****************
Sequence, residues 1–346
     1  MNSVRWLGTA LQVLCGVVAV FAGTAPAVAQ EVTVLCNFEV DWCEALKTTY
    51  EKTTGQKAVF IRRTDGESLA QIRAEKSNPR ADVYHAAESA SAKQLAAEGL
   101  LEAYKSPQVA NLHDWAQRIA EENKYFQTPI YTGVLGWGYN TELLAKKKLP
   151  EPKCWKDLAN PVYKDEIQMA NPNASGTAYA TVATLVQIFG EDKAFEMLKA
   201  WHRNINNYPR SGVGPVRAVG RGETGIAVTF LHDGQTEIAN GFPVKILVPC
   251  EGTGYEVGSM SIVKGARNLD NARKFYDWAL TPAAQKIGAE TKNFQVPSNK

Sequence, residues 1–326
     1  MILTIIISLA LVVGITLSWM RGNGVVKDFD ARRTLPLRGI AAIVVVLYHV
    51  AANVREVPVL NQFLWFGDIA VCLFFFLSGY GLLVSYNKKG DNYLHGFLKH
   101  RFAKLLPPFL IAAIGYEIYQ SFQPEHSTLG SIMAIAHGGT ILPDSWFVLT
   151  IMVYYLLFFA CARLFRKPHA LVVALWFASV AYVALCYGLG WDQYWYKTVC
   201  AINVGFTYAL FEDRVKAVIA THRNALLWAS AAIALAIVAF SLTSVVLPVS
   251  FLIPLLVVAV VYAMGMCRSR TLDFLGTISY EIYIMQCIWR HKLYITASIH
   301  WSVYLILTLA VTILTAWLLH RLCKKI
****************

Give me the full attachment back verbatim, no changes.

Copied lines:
Sequence, residues 1–346
     1  MNSVRWLGTA LQVLCGVVAV FAGTAPAVAQ EVTVLCNFEV DWCEALKTTY
    51  EKTTGQKAVF IRRTDGESLA QIRAEKSNPR ADVYHAAESA SAKQLAAEGL
   101  LEAYKSPQVA NLHDWAQRIA EENKYFQTPI YTGVLGWGYN TELLAKKKLP
   151  EPKCWKDLAN PVYKDEIQMA NPNASGTAYA TVATLVQIFG EDKAFEMLKA
   201  WHRNINNYPR SGVGPVRAVG RGETGIAVTF LHDGQTEIAN GFPVKILVPC
   251  EGTGYEVGSM SIVKGARNLD NARKFYDWAL TPAAQKIGAE TKNFQVPSNK

Sequence, residues 1–326
     1  MILTIIISLA LVVGITLSWM RGNGVVKDFD ARRTLPLRGI AAIVVVLYHV
    51  AANVREVPVL NQFLWFGDIA VCLFFFLSGY GLLVSYNKKG DNYLHGFLKH
   101  RFAKLLPPFL IAAIGYEIYQ SFQPEHSTLG SIMAIAHGGT ILPDSWFVLT
   151  IMVYYLLFFA CARLFRKPHA LVVALWFASV AYVALCYGLG WDQYWYKTVC
   201  AINVGFTYAL FEDRVKAVIA THRNALLWAS AAIALAIVAF SLTSVVLPVS
   251  FLIPLLVVAV VYAMGMCRSR TLDFLGTISY EIYIMQCIWR HKLYITASIH
   301  WSVYLILTLA VTILTAWLLH RLCKKI